How to Vent and Insulate Enclosed Porch Converted to Entry Room

Discussion in 'Insulation and Radiant Barriers' started by Psubaron, Sep 11, 2012.

  1. Sep 11, 2012 #1

    Psubaron

    Psubaron

    Psubaron

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    Hi,

    I have an enclosed porch that was previously converted to a living space of the house with heat etc. In the winter it was very drafty so I ripped down the ceiling and walls so I can properly insulate them. I have attached pics of the opened ceiling.
    I plan to insulate all the walls with closed cell spray foam to stop air infiltration into the room. I have been considering using baffles up the underside plywood and spraying foam (maybe open cell) on the around the baffles but have seen that some don't think this is a good idea. So now I am not sure what to do.

    The soffits of the former porch/entry room are vented, but it doesn't have a ridge vent, side vents, or anywhere for the air coming in to excape.

    My goal is to turn this room into a finished entry room.

    I need help with two things:

    1) What do I do to properly ventilate the roof? What is the best way to do this?

    2) How should I insulate between the roof and drywall? There is several feet of space between most of the roof and where the drywall will go. The rafters are 24" apart.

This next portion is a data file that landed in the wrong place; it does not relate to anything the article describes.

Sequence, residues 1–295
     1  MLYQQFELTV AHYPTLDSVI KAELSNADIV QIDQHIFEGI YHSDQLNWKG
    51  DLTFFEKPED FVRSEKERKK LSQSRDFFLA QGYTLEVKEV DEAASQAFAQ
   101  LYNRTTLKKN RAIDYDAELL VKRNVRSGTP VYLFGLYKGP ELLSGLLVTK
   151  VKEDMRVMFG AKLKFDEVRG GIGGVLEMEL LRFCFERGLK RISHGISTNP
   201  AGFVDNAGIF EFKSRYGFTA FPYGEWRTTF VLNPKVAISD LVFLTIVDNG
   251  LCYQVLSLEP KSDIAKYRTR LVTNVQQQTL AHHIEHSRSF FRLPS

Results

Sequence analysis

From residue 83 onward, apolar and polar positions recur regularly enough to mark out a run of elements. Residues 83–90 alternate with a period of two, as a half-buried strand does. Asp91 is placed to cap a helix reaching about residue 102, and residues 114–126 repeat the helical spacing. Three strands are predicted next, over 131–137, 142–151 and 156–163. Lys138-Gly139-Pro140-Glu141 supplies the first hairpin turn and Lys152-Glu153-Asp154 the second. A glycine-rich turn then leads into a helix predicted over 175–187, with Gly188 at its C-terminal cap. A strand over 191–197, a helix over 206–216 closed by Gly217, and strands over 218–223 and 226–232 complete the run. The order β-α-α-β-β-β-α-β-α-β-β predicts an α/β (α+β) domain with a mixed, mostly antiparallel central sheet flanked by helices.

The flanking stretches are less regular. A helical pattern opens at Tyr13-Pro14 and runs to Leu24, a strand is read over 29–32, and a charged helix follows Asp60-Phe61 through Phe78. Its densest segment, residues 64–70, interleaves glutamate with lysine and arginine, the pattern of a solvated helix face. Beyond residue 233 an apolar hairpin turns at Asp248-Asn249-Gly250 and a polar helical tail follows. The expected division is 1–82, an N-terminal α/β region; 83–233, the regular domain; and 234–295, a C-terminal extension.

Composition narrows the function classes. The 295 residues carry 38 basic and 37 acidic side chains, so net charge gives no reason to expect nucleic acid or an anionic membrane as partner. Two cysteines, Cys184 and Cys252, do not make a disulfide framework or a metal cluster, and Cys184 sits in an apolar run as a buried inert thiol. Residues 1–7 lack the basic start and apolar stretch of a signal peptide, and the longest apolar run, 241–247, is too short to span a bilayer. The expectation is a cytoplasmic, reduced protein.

Thanks for your advice in advance!

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  2. Sep 11, 2012 #2

    nealtw

    nealtw

    nealtw

    Contractor retired

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    I would put a box vent on each side of the chimney. Air shuts over the outside walls, 24inch wide batts and vapour bearier. It is big enough you should have an attic access.
    22"x 28". You could put a layer of batts across the rafters and then fit another layer between the rafters.
     
  3. Sep 11, 2012 #3

    oldognewtrick

    oldognewtrick

    oldognewtrick

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    If you spray foam you will not ventilate. Using baffles will collapse them when the foam expands. They will spray the foam on the underside of the roof deck and you will not need or should insulate and further.
     
  4. Sep 12, 2012 #4

    Psubaron

    Psubaron

    Psubaron

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    I was doing some research today and saw that radiant barriers installed onto the rafters significantly reduces the temperature in the attic space.

    At this point I am considering installing a radiant barrier onto the rafters, rigid foam board over that onto the rafters and spray foaming the seams. *Then I will have to add a louver vent near the chimney so the hot air can rise and escape. Then i would install roxul wool batts in the 2 x 6 ceiling beams, add a vapor barrier and drywall. *I NEED SOME OPINIONS HERE FROM EXPERTS...thanks guys!
     

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